SANTA ANA, California – A Glendale lawyer ( Arthur Charchian ) pleaded guilty to federal charges of using his client trust bank accounts to launder proceeds of a $14 million tax fraud and identity theft scheme that used false identities and bogus Republic of Armenia passports to obtain tax refunds from the Internal Revenue Service.
Arthur S. Charchian, 44, entered guilty pleas to two felony counts this morning before United States District Judge Andrew J. Guilford. Charchian pleaded guilty to one count of money laundering and one count of making a false statement to the Social Security Administration.
According to his plea agreement, Charchian participated in a scheme in which he used two client trust bank accounts – which are supposed to be used by attorneys to segregate client funds from the attorney’s money – to launder approximately $549,000 of proceeds generated in a massive “stolen identity refund fraud” (SIRF) scheme.
The underlying SIRF scheme involved schemers who used false identities and fake Republic of Armenia passports to open hundreds of bank accounts that were used to launder funds fraudulently received from the IRS. A total of 17 defendants, including Charchian, have been publicly charged in that scheme, which involved approximately 7,000 fraudulent tax returns that cumulatively sought about $38 million in refunds. The IRS issued about $14 million in refunds. The fraudulent tax returns were filed and the bank accounts were opened with personal identifying information that had been stolen from thousands of victims. With Charchian’s guilty plea today, the federal investigation into the SIRF scheme has resulted in 11 convictions, and the seizure of four residential properties and more than $700,000. Four defendants remain fugitives from justice, and two defendants are scheduled to go on trial next year.
Charchian admitted in court that from 2012 to 2015 he laundered checks that constituted the proceeds of bank fraud, tax fraud, and identity theft. Charchian became involved in the underlying tax fraud scheme when banks flagged accounts being used by co-conspirators to launder proceeds of the SIRF scheme. Charchian received checks from co-conspirators, deposited those checks into his client trust accounts, and then wrote outgoing checks. He admitted charging a 10 percent fee to launder the money.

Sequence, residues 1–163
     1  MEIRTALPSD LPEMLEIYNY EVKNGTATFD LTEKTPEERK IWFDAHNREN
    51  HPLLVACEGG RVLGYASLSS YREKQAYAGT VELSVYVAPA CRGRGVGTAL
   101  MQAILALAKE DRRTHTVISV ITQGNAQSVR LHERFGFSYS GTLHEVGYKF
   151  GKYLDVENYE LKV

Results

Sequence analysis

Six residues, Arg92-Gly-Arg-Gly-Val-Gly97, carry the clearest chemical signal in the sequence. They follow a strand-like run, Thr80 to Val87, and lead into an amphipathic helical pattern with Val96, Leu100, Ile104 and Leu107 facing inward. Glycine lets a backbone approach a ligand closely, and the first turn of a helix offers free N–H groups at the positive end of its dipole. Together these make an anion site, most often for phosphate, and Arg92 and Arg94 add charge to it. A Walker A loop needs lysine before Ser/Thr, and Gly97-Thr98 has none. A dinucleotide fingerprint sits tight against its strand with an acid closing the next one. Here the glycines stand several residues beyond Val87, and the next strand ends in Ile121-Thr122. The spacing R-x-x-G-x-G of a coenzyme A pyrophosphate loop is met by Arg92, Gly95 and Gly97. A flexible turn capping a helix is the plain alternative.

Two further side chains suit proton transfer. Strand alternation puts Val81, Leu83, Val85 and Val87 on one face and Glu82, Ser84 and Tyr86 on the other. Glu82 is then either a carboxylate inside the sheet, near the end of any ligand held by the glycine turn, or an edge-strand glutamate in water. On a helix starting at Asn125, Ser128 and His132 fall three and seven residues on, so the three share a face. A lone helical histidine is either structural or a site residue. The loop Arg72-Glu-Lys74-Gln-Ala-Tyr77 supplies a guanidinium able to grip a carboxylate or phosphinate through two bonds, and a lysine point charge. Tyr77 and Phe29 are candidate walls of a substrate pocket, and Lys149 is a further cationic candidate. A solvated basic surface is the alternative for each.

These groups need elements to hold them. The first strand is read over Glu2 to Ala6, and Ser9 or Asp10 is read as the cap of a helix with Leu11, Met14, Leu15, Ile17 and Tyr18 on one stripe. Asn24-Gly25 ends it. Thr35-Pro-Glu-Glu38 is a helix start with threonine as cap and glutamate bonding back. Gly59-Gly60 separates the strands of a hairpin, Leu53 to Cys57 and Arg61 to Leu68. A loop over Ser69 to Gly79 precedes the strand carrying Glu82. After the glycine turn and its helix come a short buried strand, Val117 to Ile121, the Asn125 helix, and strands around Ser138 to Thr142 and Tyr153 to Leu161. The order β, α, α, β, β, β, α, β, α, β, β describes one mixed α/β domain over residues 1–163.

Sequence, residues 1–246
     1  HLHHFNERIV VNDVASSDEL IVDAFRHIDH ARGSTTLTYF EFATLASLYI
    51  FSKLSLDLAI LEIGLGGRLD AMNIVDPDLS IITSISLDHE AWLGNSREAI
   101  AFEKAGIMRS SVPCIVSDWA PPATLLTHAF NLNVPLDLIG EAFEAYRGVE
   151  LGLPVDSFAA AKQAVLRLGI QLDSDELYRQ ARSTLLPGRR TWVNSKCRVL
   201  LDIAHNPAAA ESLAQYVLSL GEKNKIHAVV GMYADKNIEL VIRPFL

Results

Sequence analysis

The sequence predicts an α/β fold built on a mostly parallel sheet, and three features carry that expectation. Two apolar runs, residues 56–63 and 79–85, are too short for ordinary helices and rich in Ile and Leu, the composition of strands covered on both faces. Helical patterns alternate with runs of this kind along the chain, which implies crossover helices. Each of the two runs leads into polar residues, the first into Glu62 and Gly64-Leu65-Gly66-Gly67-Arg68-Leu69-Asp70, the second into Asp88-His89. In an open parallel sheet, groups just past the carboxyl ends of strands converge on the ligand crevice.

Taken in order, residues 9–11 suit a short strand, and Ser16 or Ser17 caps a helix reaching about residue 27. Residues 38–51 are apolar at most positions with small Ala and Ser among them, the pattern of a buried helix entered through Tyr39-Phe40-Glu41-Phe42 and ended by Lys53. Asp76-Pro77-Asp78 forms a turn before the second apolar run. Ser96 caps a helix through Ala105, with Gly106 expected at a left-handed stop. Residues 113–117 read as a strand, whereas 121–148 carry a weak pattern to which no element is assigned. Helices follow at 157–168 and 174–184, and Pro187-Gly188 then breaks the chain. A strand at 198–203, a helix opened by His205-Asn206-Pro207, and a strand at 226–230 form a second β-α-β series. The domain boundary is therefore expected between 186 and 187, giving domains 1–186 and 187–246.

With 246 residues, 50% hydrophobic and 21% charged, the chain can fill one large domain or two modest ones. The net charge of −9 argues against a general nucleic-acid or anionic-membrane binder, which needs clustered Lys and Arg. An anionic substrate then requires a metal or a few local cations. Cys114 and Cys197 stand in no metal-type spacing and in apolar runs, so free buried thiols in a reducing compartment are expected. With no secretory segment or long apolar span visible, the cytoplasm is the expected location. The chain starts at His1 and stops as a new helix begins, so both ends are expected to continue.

For example, on May 9, 2014, Charchian deposited a $57,168 cashier’s check payable to a fraudulent identity into his client trust bank account. Later that month, Charchian wrote an outgoing check from the same client trust bank account for $51,468 – the laundered funds, minus the 10 percent.
In total, Charchian laundered more than 15 incoming checks with a cumulative value of $549,352 that constituted fraud proceeds, he admitted in court. He also admitted to cashing checks from the client trust accounts and dispensing cash to the co-conspirators.
Charchian also admitted that on June 4, 2015, he wrote and signed a letter to the U.S. Social Security Administration on his law firm’s letterhead that falsely asserted the $51,468 check represented the proceeds of a “settlement” for a client. Charchian admitted he wrote the fraudulent letter to help a third party continue to receive Social Security benefits, which Social Security officials had reduced when they learned the person had received some of the money from the “settlement” check.
Judge Guilford scheduled a September 9, 2019 hearing to sentence Charchian, who faces a statutory maximum sentence of 15 years in prison.
This case against Charchian and the defendants in the SIRF scheme is being investigated by IRS Criminal Investigation, the Federal Bureau of Investigation, and U.S. Immigration and Customs Enforcement’s Homeland Security Investigations.